It features a chain to represent the manufacturing heritage of the area whilst the upright triangular shape in the background recalls the iconic glass cones and iron furnaces that featured in the architectural landscape of the area. The red and black colours recall the famous description of the Black Country by Elihu Burrit that it was “black by day and red by night” owing to the smoke and fires of industry.
East Riding of Yorkshire
The winning entry in a competition, the flag was the creation of father and son, Trevor and Thomas Appleton from Kirkburn. It was first unfurled on April 18th 2013 at Beverley Minster at a ceremony attended by the Lord-Lieutenant of the East Riding, the Vice Chairman of East Riding of Yorkshire Council and the Chairman of North Yorkshire County Council. The flag features a Yorkshire white rose, displayed in the East Riding style with one sepal at the top, set against a bi-colour of blue at the hoist, representing the sea and the historic maritime activities of the East Riding and green in the fly symbolising the locality’s rich agricultural land. Additionally, the blue hoist colour signifies the East Riding’s connection to the whole of Yorkshire whilst the green is placed towards the fly to represent its position in the east of the county. The East Riding Day is 24th August, this date was chosen in celebration of the East Riding of Yorkshire’s greatest son, William Wilberforce, born on that day in 1759.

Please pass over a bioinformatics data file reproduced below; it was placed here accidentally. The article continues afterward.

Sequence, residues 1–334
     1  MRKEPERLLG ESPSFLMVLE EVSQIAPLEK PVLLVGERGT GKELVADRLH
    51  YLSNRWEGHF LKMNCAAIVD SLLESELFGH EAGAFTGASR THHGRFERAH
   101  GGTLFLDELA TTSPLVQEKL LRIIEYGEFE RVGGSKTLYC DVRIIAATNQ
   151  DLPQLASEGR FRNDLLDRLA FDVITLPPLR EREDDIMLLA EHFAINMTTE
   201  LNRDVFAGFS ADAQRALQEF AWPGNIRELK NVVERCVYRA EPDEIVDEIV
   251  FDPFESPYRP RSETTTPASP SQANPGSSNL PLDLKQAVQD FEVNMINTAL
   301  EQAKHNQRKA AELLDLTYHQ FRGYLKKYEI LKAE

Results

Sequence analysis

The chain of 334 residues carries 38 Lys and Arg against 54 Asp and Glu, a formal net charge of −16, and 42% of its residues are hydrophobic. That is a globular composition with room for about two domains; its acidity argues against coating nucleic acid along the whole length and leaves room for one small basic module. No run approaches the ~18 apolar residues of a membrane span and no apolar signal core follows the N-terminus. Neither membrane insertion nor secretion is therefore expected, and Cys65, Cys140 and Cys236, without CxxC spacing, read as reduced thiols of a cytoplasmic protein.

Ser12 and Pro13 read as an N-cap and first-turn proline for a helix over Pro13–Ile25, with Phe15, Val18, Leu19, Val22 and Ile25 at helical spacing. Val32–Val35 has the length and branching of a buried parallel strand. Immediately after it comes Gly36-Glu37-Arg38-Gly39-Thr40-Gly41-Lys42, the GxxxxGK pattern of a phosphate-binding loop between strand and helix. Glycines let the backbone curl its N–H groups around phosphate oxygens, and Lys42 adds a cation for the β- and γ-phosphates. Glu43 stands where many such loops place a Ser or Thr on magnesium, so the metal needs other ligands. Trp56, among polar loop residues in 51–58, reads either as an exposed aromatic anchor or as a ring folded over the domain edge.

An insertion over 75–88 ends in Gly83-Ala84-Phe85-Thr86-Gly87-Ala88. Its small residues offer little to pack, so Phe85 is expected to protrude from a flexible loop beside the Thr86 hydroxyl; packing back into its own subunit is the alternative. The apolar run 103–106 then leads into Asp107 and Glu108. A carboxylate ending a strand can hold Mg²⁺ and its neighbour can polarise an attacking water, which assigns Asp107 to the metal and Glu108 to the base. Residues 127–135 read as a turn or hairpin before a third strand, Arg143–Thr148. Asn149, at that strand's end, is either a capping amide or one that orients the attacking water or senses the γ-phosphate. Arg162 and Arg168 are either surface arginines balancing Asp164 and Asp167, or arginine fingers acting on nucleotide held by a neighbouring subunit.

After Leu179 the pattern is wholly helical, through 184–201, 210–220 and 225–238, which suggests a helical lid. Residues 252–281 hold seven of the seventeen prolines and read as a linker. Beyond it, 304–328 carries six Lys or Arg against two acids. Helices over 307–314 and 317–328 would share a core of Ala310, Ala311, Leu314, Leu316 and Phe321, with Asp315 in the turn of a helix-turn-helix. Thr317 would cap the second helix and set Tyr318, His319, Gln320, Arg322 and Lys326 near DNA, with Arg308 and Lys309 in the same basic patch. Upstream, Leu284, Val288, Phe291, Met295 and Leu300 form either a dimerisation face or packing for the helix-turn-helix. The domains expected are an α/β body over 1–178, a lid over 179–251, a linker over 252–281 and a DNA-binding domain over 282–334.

North Riding of Yorkshire
The winning flag in a competition, the flag was the creation of vexillologist Jason Saber and was first unfurled on May 4th 2013 in the hamlet of Holwick, at The Strathmore Arms, the most northerly pub in Yorkshire. The location was specifically chosen to highlight the fact the locality lies within the North Riding, albeit that it is administered by the council in Durham. A cross design had featured in the arms of the former North Riding council so the flag maintains the same general pattern but with more vibrant colours that reflect the locality’s vivid environment and landscape. The yellow edged blue cross recalls the colours (yellow stars on a blue background) of the arms attributed to the local saint, Wilfrid a major figure in the early history of the region. Set against a green field , the three colours in combination allude to the North Riding’s natural features; the green representing the large tracts of the famed North Yorks Moors National Park, while the blue and yellow reflect the North Sea coastline (with its sandy beaches at Saltburn, Runswick Bay and Redcar Beach for example) and such rivers as the Swale, Tees and Esk. The white rose associated with the county for about six hundred years, which had also featured on the arms of the former North Riding Council, completed the arrangement.
West Riding of Yorkshire
The flag of the West Riding of Yorkshire was registered on May 23rd 2013. It was created by Michael Faul, a foremost British vexillologist and was the winning entry in a competition. The flag has a considerable history as it was originally designed as a prospective flag for the whole of Yorkshire. The flag features a “rose en soleil” device, first adopted by the Yorkist king,Edward IV upon his accession to the throne after the Battle of Towton. The emblem was fashioned by combining the rose of the House of York with the sun badge used by Richard II and was the punning reference in Shakespeare’s famous lines from Richard III;
“Now is the winter of our discontent
Made glorious summer by this sun of York.”
Wishing to convey something of the Anglo-Scandinavian history of the region, given the enduring Dano-Norwegian presence there in the centuries prior to the Norman invasion, Michael Faul’s design deploys an off-set cross in the Scandinavian style. Thus the Scandinavian cross, in English colours is a neat graphic encapsulation of the local heritage and history.